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A Treasury of Financial Aid Terms

Loan Lingo

Accrual Date
The day interest charges begin to be added to the loan balance. This could be anytime from the date the loan is disbursed, to months after you leave school - it depends on the type of loan.

Accruing Interest
The piling on of interest charges to a loan amount. Watch out: They do add up!

Bankruptcy
A legal way to seek relief from creditors should you (gasp!) be unable to pay back your loans. This court room proceeding is not an easy way out - it can seriously mess up your credit history. Student loans less than five years old can be challenged by the lender.

Borrower
That's you and/or your parents once you sign on the loan dotted line and agree to repay the loan principal plus interest.

Capitalization
This one's tricky. When a lender accrues interest before the borrower goes into repayment, then adds that amount to the principal. All you really need to know is that this process, also called "compounding," will up the total to be repaid and the size of the minimum monthly payment. You can avoid capitalizing interest by paying off the accrued interest during school. Lenders usually capitalize no more often than quarterly; the more they do it, though, the greater your debt.

Default
The term for when you fail to repay the loan according to the Promissory Note.

Federal Stafford Loan
The government sponsored loan program that provides low-interest loans to students (interest rate cannot exceed 8.25 percent). Repayment usually beings six months after leaving school. The two types are subsidized and unsubsidized.

Plus Loans (Parent Loans for Undergraduate Study)
A federally subsidized loan program in which parents are the borrowers for their child's college education. They can borrow up to the total cost of attendance minus financial aid received.

Promissory Note
The contract any loan taker must sign, in which they agree to pay back every last cent plus interest.

Subsidized
This type of Stafford loan is need based and therefore can only be taken out by a student proving financial need. Interest does not begin to accrue until six months after a student leaves school.

Unsubsidized
This type of Stafford loan is non-need based and can be taken out by almost any student. Interest begins to accrue from the date that the loan is disbursed, however, students can let the interest accumulate until after they graduate.

Form 4-1-1

Adjusted Gross Income
All taxable income; derived from yours and your rents'; tax return.

CSS Profile Form
The College Scholarship Service's additional need analysis form that's required by some colleges and universities in order for scholarship consideration.

FAFSA (Free Application for Federal Student Aid)
The primary financial aid form that you MUST fill out if you have any intention of receiving any form of financial aid. It should be filled out as soon after January 1st of your senior year as possible.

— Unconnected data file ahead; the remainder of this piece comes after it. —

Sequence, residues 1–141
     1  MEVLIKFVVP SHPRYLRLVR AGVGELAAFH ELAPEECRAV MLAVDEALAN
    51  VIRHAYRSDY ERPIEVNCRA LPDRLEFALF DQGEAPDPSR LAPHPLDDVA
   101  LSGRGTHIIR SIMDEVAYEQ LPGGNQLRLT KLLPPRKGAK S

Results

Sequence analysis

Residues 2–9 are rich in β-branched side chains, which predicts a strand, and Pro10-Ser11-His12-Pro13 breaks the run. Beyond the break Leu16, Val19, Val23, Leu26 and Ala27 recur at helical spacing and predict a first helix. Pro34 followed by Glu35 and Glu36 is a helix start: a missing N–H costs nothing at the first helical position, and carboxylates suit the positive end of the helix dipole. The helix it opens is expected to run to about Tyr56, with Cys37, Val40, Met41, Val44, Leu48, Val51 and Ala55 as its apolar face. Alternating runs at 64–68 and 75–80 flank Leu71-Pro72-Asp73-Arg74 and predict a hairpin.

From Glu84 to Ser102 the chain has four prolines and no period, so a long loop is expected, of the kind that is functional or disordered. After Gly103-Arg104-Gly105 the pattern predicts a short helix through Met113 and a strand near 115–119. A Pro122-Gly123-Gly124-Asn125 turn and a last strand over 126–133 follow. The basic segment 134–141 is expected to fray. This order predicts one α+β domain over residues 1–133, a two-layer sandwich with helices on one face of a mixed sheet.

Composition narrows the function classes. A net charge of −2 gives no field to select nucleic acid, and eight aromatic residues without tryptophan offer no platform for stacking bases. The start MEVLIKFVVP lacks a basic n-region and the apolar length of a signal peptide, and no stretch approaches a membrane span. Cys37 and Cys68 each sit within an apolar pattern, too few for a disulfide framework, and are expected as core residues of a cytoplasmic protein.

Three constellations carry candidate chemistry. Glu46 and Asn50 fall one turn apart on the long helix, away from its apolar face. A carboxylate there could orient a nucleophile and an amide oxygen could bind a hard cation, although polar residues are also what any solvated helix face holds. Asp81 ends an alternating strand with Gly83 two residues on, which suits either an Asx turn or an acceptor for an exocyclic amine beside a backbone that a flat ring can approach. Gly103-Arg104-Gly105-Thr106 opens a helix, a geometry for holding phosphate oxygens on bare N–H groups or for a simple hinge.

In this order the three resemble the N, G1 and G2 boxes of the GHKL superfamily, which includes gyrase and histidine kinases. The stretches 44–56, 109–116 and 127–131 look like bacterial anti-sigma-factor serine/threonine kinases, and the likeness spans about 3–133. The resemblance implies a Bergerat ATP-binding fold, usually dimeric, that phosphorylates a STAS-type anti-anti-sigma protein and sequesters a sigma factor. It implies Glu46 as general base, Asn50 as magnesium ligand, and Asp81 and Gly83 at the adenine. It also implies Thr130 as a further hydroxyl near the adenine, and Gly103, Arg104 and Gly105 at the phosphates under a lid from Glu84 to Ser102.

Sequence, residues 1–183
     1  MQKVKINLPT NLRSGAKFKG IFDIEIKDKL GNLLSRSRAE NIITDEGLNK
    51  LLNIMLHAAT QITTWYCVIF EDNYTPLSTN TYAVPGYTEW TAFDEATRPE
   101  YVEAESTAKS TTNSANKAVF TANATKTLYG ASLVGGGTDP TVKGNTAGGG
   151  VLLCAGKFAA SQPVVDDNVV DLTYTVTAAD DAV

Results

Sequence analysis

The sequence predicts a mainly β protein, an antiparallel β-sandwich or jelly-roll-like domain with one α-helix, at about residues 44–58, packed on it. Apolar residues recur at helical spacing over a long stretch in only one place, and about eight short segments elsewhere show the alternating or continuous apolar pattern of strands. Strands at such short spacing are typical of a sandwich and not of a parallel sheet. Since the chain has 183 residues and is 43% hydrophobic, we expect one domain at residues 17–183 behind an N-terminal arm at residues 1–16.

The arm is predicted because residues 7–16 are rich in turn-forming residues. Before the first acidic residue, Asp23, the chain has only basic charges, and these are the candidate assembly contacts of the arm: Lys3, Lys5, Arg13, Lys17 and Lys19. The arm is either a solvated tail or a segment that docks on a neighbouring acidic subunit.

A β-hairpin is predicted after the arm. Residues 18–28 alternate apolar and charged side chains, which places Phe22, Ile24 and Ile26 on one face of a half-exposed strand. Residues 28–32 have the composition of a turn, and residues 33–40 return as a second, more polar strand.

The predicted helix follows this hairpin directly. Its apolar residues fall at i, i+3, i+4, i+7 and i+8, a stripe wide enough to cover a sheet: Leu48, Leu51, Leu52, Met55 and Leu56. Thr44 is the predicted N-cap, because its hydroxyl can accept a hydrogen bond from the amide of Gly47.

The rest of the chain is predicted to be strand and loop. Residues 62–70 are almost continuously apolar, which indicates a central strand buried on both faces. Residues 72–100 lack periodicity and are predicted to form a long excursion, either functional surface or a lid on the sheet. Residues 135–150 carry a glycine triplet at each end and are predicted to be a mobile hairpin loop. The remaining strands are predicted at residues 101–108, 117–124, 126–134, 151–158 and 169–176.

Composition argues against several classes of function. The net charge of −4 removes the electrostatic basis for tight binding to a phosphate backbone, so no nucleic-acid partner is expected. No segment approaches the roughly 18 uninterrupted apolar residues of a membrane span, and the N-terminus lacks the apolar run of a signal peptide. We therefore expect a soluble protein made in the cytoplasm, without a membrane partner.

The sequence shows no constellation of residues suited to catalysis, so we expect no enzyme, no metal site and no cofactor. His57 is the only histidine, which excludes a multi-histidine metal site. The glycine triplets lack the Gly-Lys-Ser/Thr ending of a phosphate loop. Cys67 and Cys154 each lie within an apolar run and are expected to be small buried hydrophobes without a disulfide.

Expected Family Contribution (EFC)
This is how much of a contribution you and your 'rents are expected to shell out toward your college education. This figure is used to determine your financial need.

SAR (Student Aid Report)
You'll receive this report as a sort of 'last looks' at the information you provided on the FAFSA. It's your job to check it over and send it back in as soon as possible so as not to delay the financial aid process.

Financial Aid Mix

Adjusted Aid Award
A college will re-evaluate the financial aid/grants they're giving you based on, for example, a scholarship you just received. In the case of an outside scholarship, it's usually adjusted down.

Financial Aid Package
This is the paperwork that each choice college and university will send you once accepted, that indicates how much it'll cost ya'. In other words, you'll get a breakdown of the total attendance cost, the financial aid and scholarships that you're eligible for, and your expected family contribution.

Financial Need
This is determined by subtracting the Expected Family contribution from the total cost of attendance.

Gift Aid
It is what it sounds like - financial aid that doesn't have to be paid back, specifically grants and scholarships.

Over-Award
Here's a simplified example: Imagine the cost of attendance at Dream U. is $10,000. You may receive $7,500 in federal aid, $2,500 in outside loans, and $1,000 in scholarships. Only now you're getting $11,000 - $1,000 over the cost of attendance. Federal law prohibits schools from over-awarding.

Pell Grant
This federally funded need-based aid program is available to all first-time undergraduate students who demonstrate financial need.

Unmet Need
The difference between the amount of money you expect to receive from grants, loans, work-study, and scholarships, and the amount of money you still need to attend school.

Verification
This is when you are required to submit additional financial information, such as copies of your tax forms, to verify the accuracy of the information you submitted.

Work-Study
This program offers students jobs on campus at a moderate wage-rate, usually no more than 20 hours a week, based upon financial need.


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